Until. Until I realized that is exactly what Super Mario Bros did to me as a wee child. Because in old Super Mario Bros and in Dark Souls, sometimes the only thing you have after your death is the skill you gained in playing and nothing else. Personally, I think this was the biggest thing to overcome for me in my entire playthrough. It was understanding how to not be frustrated with myself. This is something that I have trouble with all the time in real life. If I am not showing progress, I get really upset and sad (or angry). But Dark Souls is like any other game concerning how it handles your time. And if you’re not looking at the right way to go about things, whether it’s getting more skilled, being patient with yourself or the game, or learning how to interpret the game, I think it can be pretty frustrating.
Someone else questioned me about why I was trying to play a game that made me so angry in the first half when I was not enjoying it. And honestly, the thing that kept me going, were the boss designs. Wow. Most, if not all, of the boss designs are just so good. From an art standpoint, they’re designed so well. It gives me goosebumps. They’re innovative, yet clear. They’re themed and emotional. So, that’s what pushed me. I just really wanted to see these things and fight them. In the half of the game where I learned to enjoy it, it became a joyful experience to have a new enemy to learn to understand.
I guess this can feel like an enormously large and vague explanation of why I love Dark Souls, but it all ends well I believe. I think the whole game is an unconventional way of allowing the player to interpret how to approach enemies without having systemic game design like The Legend of Zelda: Breath of the Wild or Dishonored. And I honestly really like it. The semi-open world feel fits well too. I think it takes the idea of “every enemy is different” from games like The Legend of Zelda series far enough to make you have to work hard for it. To die for it in many cases.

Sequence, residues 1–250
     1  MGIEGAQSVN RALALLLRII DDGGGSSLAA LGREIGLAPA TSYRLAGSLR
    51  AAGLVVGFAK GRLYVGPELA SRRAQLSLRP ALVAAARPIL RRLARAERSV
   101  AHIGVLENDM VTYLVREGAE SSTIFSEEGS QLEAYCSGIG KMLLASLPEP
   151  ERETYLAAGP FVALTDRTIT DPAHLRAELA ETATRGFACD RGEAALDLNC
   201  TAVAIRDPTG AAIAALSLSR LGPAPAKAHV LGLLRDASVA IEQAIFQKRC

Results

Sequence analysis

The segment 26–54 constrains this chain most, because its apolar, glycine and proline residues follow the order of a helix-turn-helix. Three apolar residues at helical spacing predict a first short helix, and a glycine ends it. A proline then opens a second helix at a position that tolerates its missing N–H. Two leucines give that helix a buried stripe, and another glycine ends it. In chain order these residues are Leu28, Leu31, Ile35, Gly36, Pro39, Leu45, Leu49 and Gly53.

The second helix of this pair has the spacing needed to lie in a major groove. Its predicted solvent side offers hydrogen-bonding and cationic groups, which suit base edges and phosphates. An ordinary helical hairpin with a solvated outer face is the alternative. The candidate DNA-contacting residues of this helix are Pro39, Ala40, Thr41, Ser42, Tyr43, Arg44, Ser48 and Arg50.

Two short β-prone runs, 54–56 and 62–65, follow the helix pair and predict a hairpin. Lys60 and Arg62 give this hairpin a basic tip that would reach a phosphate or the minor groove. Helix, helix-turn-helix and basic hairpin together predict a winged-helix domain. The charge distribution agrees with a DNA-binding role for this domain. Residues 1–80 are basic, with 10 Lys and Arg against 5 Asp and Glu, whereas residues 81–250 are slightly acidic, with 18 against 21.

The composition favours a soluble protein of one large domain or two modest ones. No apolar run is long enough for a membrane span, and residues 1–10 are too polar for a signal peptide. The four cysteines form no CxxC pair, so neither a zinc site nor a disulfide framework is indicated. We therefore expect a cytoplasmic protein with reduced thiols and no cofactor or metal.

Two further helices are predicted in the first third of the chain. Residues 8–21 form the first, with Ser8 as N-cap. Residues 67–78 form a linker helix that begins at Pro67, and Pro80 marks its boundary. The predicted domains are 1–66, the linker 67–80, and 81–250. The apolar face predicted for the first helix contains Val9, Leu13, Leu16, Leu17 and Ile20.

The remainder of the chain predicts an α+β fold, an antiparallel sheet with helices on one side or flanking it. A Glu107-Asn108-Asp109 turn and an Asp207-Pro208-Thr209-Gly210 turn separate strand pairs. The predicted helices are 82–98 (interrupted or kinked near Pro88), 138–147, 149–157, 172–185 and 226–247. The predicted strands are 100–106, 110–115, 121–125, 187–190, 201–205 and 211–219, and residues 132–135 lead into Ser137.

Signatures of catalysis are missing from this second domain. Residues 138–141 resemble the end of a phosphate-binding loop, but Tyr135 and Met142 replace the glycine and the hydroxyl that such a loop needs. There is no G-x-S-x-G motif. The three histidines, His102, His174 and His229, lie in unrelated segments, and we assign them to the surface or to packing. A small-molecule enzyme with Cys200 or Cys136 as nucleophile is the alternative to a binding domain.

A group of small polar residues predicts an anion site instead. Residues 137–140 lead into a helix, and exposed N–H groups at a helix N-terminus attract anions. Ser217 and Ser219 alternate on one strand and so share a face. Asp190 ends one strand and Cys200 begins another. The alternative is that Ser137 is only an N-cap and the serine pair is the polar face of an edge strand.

And so that kind of leads to my last points. I’d like to make a statement about “souls-likes”. I hate when people develop a game just for it’s difficulty, because it creates a very toxic environment. There have been a plethora of souls-like games that try to copy the formula and many of them do not do it well. I think they put too much focus on the game being hard or having slow and/or paced combat. I really don’t think those are the things that make a souls-like game. I think the souls system makes a souls-like. I don’t think any of the previously mentioned aspects are without purpose in Dark Souls. The game is difficult, but in a way of design and approach. The game is slow and paced, but in a way of allowing you to observe, think, and react. And the souls system backs up the paced combat, forcing you to do those aforementioned things because your experience is on the line.
And…. maybe that’s just it. It doesn’t do things “just because.” It’s different for the sake of game design, and not just for being different. Dark Souls is so great because it is so deliberate. And the way it’s designed makes it so we have to be deliberate in everything that we do in the game. That kind of design is what makes some of the hardest games I’ve played challenging, and not frustrating. And Dark Souls has managed that in possibly one of the best ways I’ve ever seen.
Dark Souls: Prepare to Die Edition is #82 on the Ultimate Loosely Thought Ranked Analysis, or the ULTRA, which is basically my top games list. I guess at this point is getting less and less loosely thought.
Thanks for reading, and I hope that Dark Souls doesn’t turn out to be a toxic or super frustrating experience for you if you play it. As much as I am not wont to say it, take breaks if you need to.
Blast that broken block button though.